Redeem Darwin's Day

Sandra Glahn's picture

In two days our nation will celebrate the 200th birthdays of two men who changed history—Abraham Lincoln and Charles Darwin. Oddly enough, they were indeed born on the same day in 1809.

And as far as human dignity is concerned, that’s pretty much where the similarities end. Can you think of two people who are farther apart on that subject? The former saw people as created equal in God’s image and the latter fathered modern evolutionary theory. 

With these birthdays fast approaching, I’ve noticed lots of Darwin articles out there. Have you? Fortunately, it’s not all in the secular press. Christianity Today, for example, had a reflective piece about Darwin in a recent issue.

Now, I’m not here to rag on Charlie D. or even to rant about his theory. I want, instead, to encourage us to enter the conversation. Let’s “redeem the time,” taking advantage of the opportunity. People, lots of people, even non-geek people, are talking about Darwin and his theory. And they’ll continue to do so through at least mid-November, when Darwin fans celebrate the 150th anniversary of Origin of Species. Yes, the design vs. evolution discussion is here to stay in 2009. So let’s plan ahead for how we can have some meaningful conversations. Even the un-scientists among us have something to contribute during Darwin’s Big Year. 

Here’s how we can prepare.

First, set aside a week of quiet times to explore what the Bible says on the subject of God as Creator. In addition to reviewing the Genesis creation accounts, check out what Carolyn Custis James describes as “Job’s Nature Walk” in Job 38–40. Also, spend time exploring Colossians 1, John 1, Hebrews 1, and Isaiah 40–46.

Next, check out the following four videos. Put them in your Netflix queue. Or better yet, buy them, watch them with a group, and donate them to your public library:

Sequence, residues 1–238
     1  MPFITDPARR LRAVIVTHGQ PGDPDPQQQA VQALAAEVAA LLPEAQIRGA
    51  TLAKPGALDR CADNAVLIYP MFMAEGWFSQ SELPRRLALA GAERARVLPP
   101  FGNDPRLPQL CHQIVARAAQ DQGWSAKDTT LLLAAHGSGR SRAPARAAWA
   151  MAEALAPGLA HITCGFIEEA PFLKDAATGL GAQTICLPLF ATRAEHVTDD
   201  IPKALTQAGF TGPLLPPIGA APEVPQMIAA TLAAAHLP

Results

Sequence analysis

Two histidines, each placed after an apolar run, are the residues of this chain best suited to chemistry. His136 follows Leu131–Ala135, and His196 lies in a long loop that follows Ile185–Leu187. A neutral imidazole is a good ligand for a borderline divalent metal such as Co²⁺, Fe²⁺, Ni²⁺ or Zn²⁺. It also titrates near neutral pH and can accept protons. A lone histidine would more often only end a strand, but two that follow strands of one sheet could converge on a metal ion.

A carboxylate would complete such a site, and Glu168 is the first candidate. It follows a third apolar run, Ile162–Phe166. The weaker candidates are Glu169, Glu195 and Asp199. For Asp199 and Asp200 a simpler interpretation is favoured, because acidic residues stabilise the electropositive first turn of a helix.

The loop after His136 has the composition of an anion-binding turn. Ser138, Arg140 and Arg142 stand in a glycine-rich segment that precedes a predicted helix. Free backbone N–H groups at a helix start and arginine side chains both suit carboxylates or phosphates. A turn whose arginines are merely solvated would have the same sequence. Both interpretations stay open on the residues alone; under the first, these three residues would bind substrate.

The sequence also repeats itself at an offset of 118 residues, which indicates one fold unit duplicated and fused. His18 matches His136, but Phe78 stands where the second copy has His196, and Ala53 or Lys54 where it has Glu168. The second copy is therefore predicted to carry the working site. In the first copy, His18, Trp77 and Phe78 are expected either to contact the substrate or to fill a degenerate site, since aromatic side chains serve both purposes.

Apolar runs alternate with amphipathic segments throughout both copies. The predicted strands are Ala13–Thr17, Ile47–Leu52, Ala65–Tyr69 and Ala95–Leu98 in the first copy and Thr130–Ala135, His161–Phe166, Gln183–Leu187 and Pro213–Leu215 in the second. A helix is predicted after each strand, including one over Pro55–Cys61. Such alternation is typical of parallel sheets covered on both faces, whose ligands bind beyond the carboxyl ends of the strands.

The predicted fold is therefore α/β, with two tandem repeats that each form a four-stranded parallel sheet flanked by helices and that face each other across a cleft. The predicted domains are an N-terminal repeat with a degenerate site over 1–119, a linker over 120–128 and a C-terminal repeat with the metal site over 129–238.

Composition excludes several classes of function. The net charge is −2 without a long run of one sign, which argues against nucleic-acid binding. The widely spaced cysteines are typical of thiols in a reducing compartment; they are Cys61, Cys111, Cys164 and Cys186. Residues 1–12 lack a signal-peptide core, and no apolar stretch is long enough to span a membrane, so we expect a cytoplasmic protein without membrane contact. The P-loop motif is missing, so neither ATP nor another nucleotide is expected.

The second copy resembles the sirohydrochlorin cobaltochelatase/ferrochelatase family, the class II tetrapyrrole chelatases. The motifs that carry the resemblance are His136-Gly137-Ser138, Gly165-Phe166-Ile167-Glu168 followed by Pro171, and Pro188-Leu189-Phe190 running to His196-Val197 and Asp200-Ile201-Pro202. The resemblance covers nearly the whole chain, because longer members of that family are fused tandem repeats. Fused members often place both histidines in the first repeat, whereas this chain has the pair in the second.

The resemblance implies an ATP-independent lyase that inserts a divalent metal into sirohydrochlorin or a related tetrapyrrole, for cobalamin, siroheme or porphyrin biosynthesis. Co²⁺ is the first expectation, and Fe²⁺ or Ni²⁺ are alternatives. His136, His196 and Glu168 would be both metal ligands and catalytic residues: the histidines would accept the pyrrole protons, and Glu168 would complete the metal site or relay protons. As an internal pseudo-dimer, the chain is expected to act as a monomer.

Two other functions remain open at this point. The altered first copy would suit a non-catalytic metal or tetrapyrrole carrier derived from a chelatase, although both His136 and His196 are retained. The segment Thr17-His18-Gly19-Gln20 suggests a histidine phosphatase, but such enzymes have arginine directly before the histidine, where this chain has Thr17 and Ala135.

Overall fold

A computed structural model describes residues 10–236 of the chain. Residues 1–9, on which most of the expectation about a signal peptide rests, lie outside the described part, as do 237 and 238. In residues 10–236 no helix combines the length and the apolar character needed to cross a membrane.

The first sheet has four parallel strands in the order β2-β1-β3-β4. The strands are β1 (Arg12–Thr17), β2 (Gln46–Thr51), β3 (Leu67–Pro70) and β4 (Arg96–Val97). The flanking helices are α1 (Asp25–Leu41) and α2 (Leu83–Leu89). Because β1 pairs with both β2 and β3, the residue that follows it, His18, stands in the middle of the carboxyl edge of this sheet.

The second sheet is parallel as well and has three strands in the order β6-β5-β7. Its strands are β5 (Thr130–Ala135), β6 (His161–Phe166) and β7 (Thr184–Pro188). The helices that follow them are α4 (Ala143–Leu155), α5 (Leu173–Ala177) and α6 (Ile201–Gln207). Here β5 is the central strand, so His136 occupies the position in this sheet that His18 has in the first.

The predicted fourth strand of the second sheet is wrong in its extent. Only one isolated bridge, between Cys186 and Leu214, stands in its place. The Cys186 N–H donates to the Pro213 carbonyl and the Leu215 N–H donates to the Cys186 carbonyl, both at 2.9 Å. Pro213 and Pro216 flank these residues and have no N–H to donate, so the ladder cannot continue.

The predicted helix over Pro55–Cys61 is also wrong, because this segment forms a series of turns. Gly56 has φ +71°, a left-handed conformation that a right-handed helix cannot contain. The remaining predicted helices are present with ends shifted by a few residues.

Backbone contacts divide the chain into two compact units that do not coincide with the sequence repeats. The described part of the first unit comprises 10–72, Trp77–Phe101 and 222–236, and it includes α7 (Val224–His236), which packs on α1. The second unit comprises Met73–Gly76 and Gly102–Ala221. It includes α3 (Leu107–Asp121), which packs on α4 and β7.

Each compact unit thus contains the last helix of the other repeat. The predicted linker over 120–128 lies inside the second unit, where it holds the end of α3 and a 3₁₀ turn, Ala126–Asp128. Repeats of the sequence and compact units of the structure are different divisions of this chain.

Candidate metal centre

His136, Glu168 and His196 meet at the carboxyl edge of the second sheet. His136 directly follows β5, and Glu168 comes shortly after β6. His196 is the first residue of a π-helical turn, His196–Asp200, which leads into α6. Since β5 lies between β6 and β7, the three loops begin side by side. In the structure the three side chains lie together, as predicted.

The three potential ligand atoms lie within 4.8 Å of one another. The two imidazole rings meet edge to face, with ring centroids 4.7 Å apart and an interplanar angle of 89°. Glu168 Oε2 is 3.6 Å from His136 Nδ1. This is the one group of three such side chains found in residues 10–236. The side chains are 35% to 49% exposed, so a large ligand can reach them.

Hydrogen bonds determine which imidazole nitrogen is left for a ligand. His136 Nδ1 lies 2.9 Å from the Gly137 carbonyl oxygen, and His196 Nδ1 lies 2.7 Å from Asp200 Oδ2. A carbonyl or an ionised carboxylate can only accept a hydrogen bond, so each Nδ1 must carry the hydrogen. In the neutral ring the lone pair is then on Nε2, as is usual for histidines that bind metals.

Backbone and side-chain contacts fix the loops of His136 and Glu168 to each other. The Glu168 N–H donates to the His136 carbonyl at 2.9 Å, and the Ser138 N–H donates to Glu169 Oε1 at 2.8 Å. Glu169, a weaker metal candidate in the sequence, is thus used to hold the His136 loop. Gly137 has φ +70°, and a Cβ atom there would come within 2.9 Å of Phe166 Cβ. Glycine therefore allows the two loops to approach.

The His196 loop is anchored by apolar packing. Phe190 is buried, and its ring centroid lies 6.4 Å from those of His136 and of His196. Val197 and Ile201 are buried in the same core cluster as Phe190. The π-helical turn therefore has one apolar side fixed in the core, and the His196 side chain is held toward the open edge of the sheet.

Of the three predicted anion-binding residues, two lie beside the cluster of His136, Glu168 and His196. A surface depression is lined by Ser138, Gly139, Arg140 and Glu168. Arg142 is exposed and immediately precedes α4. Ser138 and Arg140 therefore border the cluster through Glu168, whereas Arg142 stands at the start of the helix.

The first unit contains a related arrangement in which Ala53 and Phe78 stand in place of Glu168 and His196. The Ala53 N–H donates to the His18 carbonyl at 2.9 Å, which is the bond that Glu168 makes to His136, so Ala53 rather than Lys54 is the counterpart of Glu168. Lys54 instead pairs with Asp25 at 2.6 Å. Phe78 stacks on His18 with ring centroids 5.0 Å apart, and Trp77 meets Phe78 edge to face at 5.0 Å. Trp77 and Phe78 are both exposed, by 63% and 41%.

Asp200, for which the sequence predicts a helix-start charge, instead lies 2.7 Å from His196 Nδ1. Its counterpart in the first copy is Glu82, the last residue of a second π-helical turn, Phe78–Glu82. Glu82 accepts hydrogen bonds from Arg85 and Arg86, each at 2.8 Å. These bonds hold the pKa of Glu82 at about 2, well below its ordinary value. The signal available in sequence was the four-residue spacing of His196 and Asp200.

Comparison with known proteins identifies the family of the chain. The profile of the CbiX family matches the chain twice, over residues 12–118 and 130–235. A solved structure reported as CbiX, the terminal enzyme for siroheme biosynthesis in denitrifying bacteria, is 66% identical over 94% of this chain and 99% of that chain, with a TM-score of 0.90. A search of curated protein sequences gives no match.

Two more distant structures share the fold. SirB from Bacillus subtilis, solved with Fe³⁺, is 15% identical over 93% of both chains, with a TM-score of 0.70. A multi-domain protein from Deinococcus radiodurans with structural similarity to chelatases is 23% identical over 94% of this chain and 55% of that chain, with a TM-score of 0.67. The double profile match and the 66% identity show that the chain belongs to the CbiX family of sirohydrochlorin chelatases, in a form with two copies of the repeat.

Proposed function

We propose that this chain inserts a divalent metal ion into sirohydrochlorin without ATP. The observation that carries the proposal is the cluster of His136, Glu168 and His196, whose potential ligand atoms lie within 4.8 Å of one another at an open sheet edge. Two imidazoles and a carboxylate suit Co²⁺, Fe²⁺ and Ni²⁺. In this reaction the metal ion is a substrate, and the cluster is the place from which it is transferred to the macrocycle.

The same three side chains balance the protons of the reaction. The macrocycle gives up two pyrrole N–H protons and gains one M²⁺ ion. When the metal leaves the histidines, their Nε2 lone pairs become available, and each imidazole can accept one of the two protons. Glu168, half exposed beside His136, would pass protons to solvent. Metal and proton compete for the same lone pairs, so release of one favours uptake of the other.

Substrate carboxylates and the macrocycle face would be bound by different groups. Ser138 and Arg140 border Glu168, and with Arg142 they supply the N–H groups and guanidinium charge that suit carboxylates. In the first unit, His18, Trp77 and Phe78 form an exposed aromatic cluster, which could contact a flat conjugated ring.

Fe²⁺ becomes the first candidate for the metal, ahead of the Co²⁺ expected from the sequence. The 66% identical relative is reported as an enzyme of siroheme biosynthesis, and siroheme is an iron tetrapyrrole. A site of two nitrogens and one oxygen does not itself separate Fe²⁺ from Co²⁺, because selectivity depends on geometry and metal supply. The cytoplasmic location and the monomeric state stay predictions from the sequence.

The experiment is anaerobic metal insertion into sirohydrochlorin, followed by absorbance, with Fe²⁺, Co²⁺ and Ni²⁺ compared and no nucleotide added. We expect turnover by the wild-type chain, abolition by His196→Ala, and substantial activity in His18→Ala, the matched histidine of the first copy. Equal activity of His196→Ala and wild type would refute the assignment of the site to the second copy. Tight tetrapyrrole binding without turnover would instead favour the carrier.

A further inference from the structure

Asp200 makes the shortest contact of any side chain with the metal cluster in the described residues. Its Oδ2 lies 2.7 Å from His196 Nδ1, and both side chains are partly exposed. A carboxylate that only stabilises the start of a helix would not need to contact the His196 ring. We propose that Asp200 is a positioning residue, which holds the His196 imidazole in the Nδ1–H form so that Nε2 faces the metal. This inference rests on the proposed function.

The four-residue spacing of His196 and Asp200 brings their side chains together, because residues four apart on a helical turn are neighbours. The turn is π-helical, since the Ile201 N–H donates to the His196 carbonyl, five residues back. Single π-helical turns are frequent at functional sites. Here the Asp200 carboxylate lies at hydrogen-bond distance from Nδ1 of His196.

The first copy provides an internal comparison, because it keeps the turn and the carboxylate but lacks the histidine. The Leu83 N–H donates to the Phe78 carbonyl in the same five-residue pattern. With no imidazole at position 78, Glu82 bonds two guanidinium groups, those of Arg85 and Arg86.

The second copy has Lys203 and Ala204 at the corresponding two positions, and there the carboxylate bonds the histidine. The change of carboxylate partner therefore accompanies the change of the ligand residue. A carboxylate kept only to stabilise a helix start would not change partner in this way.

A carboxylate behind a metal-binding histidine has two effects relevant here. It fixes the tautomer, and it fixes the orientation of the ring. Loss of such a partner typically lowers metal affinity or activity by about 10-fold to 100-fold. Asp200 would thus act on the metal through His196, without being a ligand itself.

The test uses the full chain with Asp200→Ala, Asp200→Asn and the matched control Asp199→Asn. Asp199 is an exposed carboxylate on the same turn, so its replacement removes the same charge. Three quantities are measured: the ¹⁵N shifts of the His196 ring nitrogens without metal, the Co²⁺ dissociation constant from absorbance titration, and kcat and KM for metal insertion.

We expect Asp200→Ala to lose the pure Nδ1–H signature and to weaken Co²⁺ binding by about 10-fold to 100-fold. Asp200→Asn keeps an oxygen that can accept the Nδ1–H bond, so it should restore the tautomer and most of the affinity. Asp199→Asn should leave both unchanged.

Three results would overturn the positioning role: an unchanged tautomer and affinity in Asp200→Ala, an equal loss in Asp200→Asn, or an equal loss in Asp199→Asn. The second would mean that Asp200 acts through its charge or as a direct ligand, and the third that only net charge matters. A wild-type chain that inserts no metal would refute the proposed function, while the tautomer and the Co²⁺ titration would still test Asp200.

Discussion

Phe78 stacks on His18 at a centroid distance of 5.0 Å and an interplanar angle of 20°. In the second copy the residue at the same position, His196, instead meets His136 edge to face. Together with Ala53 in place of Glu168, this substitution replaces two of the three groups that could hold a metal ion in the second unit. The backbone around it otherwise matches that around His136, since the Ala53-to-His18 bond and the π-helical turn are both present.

Unlocking the Mystery of Life
The Privileged Planet
The Case for a Creator
Expelled

Also, over on Youtube check out the six-minute movie trailer for the forthcoming DVD, The Cambrian Explosion: 

http://www.youtube.com/watch?v=6fjIruVUtLY

After that, do some reading. If you have kids ages twelve and older, and/or of if you’re a visual learner, obtain a copy of the cartoon book, What’s Darwin Got to Do with It? You don’t have to be a child to read this introduction to Darwin vs. Design, and it’ll give you the basic overview in simple terms. After that, find a copy of The Politically Incorrect Guide to Darwin and Intelligent Design by Jonathan Wells. These two works will provide introductory and intermediate explorations of the issues in the debate. If you’re up for advanced reading, buy yourself a copy of Darwin Strikes Back by Dr. Thomas Woodward.

I am indebted to Dr. Woodward, host of the weekly radio program, “Darwin or Design,” (www.bayword.com) for his help with these resources. Dr. Woodward, who holds degrees from Princeton, Dallas Seminary, and the University of South Florida, has written an article on this subject that will appear in the spring issue of DTS’s Kindred Spirit magazine. If you live in the U.S. and don't already subscribe, you can sign up to receive a free copy at www.dts.edu/ks.

Once you’ve equipped yourself, share the information with family members, your Bible study group, people you mentor, and your adult Bible fellowship. But don’t stop there. Talk with folks who would never read a book about God as Creator but who will listen to you. And you can start the conversation with this quote right out of Origin of Species: “A fair result can be obtained only by fully stating and balancing the facts and arguments on both sides of each question.”

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